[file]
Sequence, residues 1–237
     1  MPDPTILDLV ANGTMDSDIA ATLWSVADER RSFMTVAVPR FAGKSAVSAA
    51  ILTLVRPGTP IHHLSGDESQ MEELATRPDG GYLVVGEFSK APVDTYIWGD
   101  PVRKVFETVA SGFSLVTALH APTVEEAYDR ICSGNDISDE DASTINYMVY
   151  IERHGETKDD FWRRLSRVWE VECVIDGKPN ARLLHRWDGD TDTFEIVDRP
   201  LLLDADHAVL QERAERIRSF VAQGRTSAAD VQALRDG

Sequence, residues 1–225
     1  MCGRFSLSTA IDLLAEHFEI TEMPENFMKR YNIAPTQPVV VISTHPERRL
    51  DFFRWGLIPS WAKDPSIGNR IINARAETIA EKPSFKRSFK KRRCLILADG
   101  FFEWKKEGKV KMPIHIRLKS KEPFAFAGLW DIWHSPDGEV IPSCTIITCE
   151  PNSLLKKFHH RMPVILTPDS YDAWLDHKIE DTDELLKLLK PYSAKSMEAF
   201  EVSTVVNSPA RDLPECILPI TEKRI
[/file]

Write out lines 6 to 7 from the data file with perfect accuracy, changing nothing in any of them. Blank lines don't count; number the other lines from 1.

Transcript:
   201  LLLDADHAVL QERAERIRSF VAQGRTSAAD VQALRDG

Sequence, residues 1–225